Late last year, the ABC published an article about the dangers of extreme heat – Australia’s silent killer. It’s an important read because extreme temperatures are becoming more common and, thanks to the already locked-in levels of climate change, will soon be “normal”. What can we do about it? Not much (although reducing emissions as fast as possible will help)…so we need to be prepared.

Extreme heat can be a killer. It especially affects already vulnerable groups, such as the elderly and infants, by putting strain on the heart, brain, and other internal organs. It causes dehydration and muscle cramps. It affects cognition, causes headaches, brain fog and sleep deprivation. Long term exposure can cause chronic illness.

Sadly, human-induced climate change has already affected the atmosphere and our weather systems so that even if we stopped using fossil fuels today, we would still experience most of the bad effects (extreme temperatures, heatwaves, drought, flood) for decades to come. We need to prepare ourselves and build resilient communities to enable us to adapt to these new prevailing conditions.

If you are a business owner, you have a duty of care towards your employees and your customers. You don’t want to create a legal risk from negligence. Be sure to adhere to the following basic steps:

  1. Provide air-conditioning and a fan where it’s appropriate.
  2. Be sure to check in with your employees regularly. Are they having adequate rest breaks and drinking enough water?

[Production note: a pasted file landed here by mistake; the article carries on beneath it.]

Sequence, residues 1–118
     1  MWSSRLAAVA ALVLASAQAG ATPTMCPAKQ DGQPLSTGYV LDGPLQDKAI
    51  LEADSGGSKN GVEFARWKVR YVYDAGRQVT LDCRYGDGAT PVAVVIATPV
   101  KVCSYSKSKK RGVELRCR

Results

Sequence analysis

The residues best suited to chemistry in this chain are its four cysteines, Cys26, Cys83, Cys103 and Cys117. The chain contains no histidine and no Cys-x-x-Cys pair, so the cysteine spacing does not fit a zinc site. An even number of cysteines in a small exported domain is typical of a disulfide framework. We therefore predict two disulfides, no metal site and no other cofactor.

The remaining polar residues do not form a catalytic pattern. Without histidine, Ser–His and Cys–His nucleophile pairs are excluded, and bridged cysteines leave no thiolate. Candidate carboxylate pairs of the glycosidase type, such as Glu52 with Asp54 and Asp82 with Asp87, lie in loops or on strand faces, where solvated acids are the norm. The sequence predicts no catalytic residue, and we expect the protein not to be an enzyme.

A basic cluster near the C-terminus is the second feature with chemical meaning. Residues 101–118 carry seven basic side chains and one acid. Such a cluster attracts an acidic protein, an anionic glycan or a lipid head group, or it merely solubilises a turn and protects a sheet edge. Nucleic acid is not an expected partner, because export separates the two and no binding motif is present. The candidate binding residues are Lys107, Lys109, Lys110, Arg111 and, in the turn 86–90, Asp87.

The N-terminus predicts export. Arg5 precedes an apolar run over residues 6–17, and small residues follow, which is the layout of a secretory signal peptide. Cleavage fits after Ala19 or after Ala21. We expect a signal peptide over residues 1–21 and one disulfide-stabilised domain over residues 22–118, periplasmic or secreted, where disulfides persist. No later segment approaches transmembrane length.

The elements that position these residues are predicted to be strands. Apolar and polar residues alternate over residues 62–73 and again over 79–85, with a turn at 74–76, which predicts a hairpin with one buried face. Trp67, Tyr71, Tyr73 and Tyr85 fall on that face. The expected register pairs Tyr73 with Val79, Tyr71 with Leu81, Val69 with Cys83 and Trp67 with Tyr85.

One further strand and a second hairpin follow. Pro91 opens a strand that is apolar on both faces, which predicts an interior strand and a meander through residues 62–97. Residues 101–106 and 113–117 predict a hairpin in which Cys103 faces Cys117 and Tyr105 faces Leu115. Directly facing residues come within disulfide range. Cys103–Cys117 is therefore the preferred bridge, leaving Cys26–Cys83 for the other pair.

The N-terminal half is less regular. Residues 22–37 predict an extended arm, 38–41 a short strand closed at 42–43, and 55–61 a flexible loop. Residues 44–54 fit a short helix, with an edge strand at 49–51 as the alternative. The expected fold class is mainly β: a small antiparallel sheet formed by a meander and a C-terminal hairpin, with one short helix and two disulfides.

3. Implement an extreme heat policy or include a heat clause in your workplace agreements.

Speaking with your employees to find out how you can help make them more comfortable at work shows that you value them and can help foster a positive workplace culture.

Part of corporate responsibility towards employees and customers in the current climate emergency is demonstrating a commitment towards climate action. Actively working towards carbon neutrality will prove your sincerity, enhance your corporate reputation, and help reduce emissions. Certifications such as Climate Active are great way to demonstrate this commitment and provide a benchmark so that you can document your success. If you don’t have the capacity to engage in this process yourself, we can help you.

Unfortunately, there is no avoiding the increase in frequency of extreme weather events, including heatwaves, but we can prepare ourselves by knowing the best ways to stay cool, and remember to check in on your friends and family and vulnerable neighbours. Most importantly, get to work reducing your carbon emissions so that we can limit the global temperature increase to 1.5°C above pre-industrial levels. This won’t fix the current problem, but hopefully it can prevent it getting much worse.


How to deal with extreme heat on an individual level:

  1. It might sound obvious but try not to move around too much.
  2. Find a cool community building. Go to the cinema, library, or the shopping centre.
  3. If you are at home, set the air-conditioner to 27ºC and then use a fan to keep the air circulating. This might seem quite warm but when compared to the temperature outdoors (which can regularly get up to the mid-40s in Adelaide summers), 27ºC will still feel like a cool change but will keep your energy costs down. What is important is to keep the air circulating, as without significant airflow, the body can’t evaporate sweat which is what keeps us cool.
  4. Wearing lighter clothing can make a significant difference. Light breathable fabrics like cotton will not trap heat close to the body.
  5. Be sure to drink water regularly. You will need to drink a lot more water to replace what you have been sweating out, but don’t overdo it. It is possible to drink too much water which can dilute the necessary tissue salts in our bodies causing muscle cramps. Try to keep your pee champagne coloured, if it looks like apple juice, you’re dehydrated.